2013 IEEE International Conference on Consumer Electronics (ICCE)
(
IEEE
,
2013
), pp.
602
605
.
17.
Benjamin P.
Abbott
,
R.
Abbott
,
T. D.
Abbott
 et al, “
Exploring the sensitivity of next generation gravitational wave detectors
,”
Classical Quantum Gravity
34
(
4
),
044001
(
2017
).
18.
T.
Sekiguchi
, “
Study of low frequency vibration isolation system for large scale gravitational wave detectors
,” Ph.D. thesis (
Tokyo University
,
2016
).
19.
S. L. H.
Verhoeven
,
M. M. J.
van de Wal
,
IrTAE.
Oomen
, and
O. H.
Bosgra
, “
Robust control of flexible motion systems: A literature study
,” DCT Rep. (
2009
).
20.
Daniel
Dzibela
and
Armin
Sehr
, “
Hidden-Markov-model based speech enhancement
,” e-print arXiv:1707.01090 (
2017
).
21.
Santiago
Pascual
,
Antonio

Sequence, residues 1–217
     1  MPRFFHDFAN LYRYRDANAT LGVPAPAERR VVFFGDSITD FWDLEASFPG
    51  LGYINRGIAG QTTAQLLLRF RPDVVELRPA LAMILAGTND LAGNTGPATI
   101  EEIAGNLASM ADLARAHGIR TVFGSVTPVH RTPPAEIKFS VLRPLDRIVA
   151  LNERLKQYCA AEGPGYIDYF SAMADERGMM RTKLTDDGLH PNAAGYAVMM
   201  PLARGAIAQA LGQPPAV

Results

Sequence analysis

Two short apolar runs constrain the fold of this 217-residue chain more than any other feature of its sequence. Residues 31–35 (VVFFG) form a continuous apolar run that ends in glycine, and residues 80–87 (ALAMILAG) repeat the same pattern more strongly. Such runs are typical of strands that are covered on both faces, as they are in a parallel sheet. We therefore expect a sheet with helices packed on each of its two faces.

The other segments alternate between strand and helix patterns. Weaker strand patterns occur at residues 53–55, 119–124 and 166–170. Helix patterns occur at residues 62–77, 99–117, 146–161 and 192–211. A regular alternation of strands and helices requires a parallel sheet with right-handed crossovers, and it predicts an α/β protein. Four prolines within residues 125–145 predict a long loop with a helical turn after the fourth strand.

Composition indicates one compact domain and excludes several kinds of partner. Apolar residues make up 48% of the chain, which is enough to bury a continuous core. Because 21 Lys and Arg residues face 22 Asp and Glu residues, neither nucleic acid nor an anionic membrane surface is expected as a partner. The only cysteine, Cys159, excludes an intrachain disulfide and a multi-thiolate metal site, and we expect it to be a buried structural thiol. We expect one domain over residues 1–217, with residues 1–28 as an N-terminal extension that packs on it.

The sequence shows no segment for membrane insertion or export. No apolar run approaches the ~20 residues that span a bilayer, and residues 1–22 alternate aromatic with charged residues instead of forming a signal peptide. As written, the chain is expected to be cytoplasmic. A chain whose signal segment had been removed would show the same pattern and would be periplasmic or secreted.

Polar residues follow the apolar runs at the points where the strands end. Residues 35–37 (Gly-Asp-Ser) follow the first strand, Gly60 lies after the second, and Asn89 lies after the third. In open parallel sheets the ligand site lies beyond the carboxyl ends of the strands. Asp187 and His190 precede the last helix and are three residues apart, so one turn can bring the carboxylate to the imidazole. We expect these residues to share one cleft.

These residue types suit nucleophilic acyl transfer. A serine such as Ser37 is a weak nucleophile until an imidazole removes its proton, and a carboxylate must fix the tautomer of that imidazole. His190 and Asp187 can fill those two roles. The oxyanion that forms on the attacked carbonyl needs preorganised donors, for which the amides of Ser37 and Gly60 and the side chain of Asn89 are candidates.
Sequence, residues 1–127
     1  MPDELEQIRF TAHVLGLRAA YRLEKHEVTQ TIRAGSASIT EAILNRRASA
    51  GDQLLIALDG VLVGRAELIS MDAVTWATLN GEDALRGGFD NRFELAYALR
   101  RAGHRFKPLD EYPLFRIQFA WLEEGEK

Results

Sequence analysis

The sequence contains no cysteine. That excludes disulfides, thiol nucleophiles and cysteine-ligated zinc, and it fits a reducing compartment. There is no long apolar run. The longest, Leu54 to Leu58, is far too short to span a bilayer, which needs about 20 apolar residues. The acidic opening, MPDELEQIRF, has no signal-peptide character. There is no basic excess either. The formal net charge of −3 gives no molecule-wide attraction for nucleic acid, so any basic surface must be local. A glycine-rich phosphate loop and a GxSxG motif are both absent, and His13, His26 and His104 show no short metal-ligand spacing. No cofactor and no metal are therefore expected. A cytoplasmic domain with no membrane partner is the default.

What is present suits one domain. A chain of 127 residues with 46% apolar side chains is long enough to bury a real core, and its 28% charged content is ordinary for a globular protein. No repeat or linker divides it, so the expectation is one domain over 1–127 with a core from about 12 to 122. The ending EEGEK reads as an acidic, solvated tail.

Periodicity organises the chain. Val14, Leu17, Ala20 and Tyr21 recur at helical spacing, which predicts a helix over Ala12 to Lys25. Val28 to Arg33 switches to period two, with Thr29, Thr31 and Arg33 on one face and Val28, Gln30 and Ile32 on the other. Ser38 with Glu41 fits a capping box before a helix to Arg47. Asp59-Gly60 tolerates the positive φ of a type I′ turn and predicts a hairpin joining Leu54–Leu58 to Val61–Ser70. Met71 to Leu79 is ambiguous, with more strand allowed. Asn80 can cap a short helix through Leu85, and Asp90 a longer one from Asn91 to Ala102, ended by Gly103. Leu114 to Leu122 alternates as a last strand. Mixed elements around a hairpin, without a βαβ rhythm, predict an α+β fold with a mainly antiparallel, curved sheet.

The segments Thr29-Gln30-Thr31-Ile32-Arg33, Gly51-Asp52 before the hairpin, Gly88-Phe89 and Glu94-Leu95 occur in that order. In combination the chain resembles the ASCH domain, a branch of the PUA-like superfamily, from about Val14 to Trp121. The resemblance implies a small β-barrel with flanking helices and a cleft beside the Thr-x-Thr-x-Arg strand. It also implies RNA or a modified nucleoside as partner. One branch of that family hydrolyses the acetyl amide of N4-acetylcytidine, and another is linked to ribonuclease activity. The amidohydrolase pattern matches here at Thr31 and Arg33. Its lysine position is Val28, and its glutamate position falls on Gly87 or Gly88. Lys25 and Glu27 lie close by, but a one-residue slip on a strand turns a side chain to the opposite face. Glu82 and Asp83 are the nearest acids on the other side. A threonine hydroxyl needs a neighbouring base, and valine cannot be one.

Bonafonte
, and
Joan
Serrà
, “
SEGAN: Speech enhancement generative adversarial network
,” e-print arXiv:1703.09452 (
2017
).
22.
Guy P.
Nason
and
Bernard W.
Silverman
, “
The stationary wavelet transform and some statistical applications
,” in
Wavelets and Statistics
(
Springer
,
New York
,
1995
), pp.
281
299
.
23.
Z.
Tufekci
and
John N
Gowdy
, “
Feature extraction using discrete wavelet transform for speech recognition
,” in
Proceedings of the IEEE SoutheastCon 2000, Preparing for the New Millennium (Cat. No. 00CH37105)
(
IEEE
,
2000
), pp.
116
123
.
24.
Johnson Ihyeh Agbinya.
Discrete wavelet transform techniques in speech processing
,” in
Proceedings of Digital Processing Applications (TENCON'96)
(
IEEE
,
1996
), Vol.
2
, pp.
514
519
.
25.
E. T.
Jaynes
,
Probability Theory: The Logic of Science
(
Cambridge U. P
.,
Cambridge
,
2003
).
26.
See supplementary material at https://www.scitation.org/doi/suppl/10.1119/10.0009409 for further resources and a detailed explanation and discussion of the different signal-processing techniques used for speech enhancement of the recordings from the optical microphone, including techniques not presented in the main text.

Supplementary Material

AAPT members receive access to the American Journal of Physics and The Physics Teacher as a member benefit. To learn more about this member benefit and becoming an AAPT member, visit the Joining AAPT page.